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In Arts & Entertainment

Theater attendance is down and typically draws older crowds. Art Milwaukee wants to change that.

Local theater companies vie for younger audiences


The experience of live theater is a unique one, unmatched for intimacy and enjoyment, but theater companies throughout the country are struggling to find a way to bring younger audiences to their plays.

After all, in survey after survey, support for the arts is seen as one of the criteria making a city an exciting and vibrant place to live, work and locate a business. That means creating an environment where young people are active participants in the arts.

For some reason, live theater is seen as an attraction for older people. It is not on the entertainment radar screen of many young professionals. The next generation of theater-goers has not yet been activated.

Into that breach comes Art Milwaukee, an organization dedicated to promoting the exciting art scene in Milwaukee to those who may not have experienced the options available.

Art Milwaukee is partnering with a number of theater companies to stage "Interact." It's a unique one-night event that will take place at the Plankinton Arcade building of The Shops Of Grand Avenue, 161 W. Wisconsin Ave. on Friday, Feb. 8 from 7 to 10 p.m. Tickets are $10 presale/students, or $15 day of the event.

Interact will include live music, art, cash bar and selections from David Ives' "All in the Timing" from six Milwaukee-based theater companies: The Milwaukee Repertory Theater, Skylight Music Theatre, Renaissance Theatreworks, Pink Banana Theatre Co., World's Stage Theatre Co. and The Quasimondo Theatre Company.

"Interact aims to bring increased exposure to the theater community at large, especially to the young professionals demographic." said Jeremy Fojut, President of Art Milwaukee. "It's a great way to connect the community with theater and the performing arts"

The event will coincide with the re-dedication of the John Plankinton statue located in the rotunda of the Plankinton Building in the Shops of Grand Avenue, who is also sponsoring the event.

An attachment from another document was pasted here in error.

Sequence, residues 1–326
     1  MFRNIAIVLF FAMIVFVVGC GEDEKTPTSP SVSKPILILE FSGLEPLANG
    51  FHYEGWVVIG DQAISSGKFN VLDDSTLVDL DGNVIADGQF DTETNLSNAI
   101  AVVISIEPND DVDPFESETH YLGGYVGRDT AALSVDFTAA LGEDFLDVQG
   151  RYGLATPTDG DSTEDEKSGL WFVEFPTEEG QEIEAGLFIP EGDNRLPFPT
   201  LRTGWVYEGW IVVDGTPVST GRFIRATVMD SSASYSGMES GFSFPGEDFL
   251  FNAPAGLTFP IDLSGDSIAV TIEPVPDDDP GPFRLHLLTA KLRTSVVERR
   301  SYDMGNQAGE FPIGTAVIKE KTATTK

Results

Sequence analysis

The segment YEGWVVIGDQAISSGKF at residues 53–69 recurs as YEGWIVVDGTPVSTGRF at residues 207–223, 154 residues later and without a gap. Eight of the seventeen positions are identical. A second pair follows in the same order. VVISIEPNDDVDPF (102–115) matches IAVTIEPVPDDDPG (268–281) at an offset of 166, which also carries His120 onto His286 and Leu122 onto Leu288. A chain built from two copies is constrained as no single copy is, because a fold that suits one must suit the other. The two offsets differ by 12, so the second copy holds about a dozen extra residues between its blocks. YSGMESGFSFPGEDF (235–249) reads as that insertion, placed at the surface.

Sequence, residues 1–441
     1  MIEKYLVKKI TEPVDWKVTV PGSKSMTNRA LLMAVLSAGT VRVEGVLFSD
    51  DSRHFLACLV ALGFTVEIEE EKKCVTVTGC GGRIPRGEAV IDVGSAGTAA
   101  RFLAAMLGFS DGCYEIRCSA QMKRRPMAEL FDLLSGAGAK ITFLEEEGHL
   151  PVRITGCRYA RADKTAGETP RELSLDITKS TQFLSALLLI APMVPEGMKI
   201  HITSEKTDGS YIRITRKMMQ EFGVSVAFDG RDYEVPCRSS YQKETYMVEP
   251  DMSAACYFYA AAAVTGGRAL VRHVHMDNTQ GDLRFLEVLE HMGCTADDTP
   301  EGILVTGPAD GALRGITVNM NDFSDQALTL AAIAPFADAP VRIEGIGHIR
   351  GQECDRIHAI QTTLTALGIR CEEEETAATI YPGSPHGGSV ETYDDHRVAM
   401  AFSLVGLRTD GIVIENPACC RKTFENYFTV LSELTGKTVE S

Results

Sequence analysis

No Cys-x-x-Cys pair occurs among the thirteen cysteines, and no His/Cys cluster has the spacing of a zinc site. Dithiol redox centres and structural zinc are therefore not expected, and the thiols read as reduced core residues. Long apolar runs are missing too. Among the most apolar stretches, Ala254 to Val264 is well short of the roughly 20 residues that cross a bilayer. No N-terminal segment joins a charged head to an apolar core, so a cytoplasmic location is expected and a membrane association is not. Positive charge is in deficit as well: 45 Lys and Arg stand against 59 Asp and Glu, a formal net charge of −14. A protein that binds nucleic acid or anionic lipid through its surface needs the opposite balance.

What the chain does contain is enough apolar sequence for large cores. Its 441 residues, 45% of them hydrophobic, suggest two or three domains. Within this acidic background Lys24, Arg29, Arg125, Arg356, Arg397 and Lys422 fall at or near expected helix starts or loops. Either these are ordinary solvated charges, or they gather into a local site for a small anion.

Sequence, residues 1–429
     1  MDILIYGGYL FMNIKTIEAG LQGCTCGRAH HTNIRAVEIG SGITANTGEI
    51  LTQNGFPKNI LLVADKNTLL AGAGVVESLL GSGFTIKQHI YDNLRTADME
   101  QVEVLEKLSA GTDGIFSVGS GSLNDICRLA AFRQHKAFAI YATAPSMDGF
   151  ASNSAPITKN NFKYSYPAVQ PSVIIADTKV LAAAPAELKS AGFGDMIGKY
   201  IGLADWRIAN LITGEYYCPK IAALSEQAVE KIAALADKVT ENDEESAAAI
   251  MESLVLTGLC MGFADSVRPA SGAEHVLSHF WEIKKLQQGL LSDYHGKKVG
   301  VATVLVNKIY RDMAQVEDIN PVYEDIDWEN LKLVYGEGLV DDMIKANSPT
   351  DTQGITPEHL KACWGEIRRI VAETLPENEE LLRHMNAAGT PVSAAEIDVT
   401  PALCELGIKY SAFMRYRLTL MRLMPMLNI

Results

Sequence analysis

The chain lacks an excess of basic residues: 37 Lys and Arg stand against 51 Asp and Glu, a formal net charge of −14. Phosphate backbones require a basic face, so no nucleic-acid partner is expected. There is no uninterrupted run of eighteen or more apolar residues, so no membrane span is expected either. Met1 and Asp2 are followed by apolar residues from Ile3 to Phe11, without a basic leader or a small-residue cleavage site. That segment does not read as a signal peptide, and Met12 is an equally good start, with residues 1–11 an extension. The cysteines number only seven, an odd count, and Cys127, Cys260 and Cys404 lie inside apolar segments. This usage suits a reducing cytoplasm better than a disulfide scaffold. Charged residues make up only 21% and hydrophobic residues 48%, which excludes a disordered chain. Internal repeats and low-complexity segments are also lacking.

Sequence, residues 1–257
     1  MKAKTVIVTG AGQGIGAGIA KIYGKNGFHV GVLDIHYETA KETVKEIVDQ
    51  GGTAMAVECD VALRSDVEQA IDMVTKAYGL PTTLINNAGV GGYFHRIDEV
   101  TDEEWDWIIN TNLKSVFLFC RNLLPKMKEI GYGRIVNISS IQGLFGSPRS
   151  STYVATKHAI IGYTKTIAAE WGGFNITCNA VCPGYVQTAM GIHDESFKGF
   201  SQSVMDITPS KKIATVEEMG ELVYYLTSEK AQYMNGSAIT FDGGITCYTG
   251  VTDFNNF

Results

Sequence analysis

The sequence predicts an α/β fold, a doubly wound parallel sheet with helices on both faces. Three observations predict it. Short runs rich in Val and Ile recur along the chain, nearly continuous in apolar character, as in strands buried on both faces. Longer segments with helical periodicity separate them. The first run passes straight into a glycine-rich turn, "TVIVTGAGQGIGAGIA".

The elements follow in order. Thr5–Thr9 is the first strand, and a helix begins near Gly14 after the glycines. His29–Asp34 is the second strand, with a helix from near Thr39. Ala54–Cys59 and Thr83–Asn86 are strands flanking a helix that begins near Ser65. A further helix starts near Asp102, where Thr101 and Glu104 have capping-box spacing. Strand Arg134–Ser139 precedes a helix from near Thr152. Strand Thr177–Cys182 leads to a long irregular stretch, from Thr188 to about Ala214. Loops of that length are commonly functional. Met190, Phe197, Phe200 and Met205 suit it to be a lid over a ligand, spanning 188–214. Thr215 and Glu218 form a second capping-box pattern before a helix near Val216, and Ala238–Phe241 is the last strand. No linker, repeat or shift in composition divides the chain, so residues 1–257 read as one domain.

Art Milwaukee joined forces with local event producer Matt Kemple to put on the event. "We had been looking for a project to work on together that was theater-based," said Kemple. "The rotunda in the Plankinton Building is a beautiful setting for an event like this, and the timing worked out perfectly for the rededication of the statue. "

Audiences will be able to see each theater company perform a different one-act play from the prolific Ives. He is an enormously funny playwright and his works have been performed for years both on Broadway and around the country.

Each one-act will be performed independently in different rooms, giving audiences the ability to see the short plays in any order they choose during the evenings activities. The one-acts will be performed multiple times throughout the evening and range from 10 to 20 minutes each in length.

Jennifer Rupp is one of the founders of Renaissance Theatreworks and understands, perhaps better than most, the connection be theater and the atmosphere in a community.

"Storytelling is primal," she said. "It's part of what makes us human. It's common to all cultures throughout all time. Today's theater is our contemporary storytelling medium. It is exciting, comforting and absolutely familiar to sit in the dark among a large group of people and listen to the telling of a great story."

Advance tickets and more information are available at artmilwaukee.com/interact.


Talkbacks

Photodavie | Feb. 4, 2013 at 9:55 a.m. (report)

What a better way to reach out to youth than to hold an event at the Grand Ave, a place where most people under the age of 40 have never been to nor want to go to. This event will flop. To reach out to youth, theatre has to be more affordable (REP tickets run $60/show). In addition, plays must be more relevent and reach out to todays generation. 20 year olds don't want to see the Diary of Anne Frank, they want to see the Hunger Games. It's sad, but true. If you want them to see plays, give them someting that interests them at a price they can afford.

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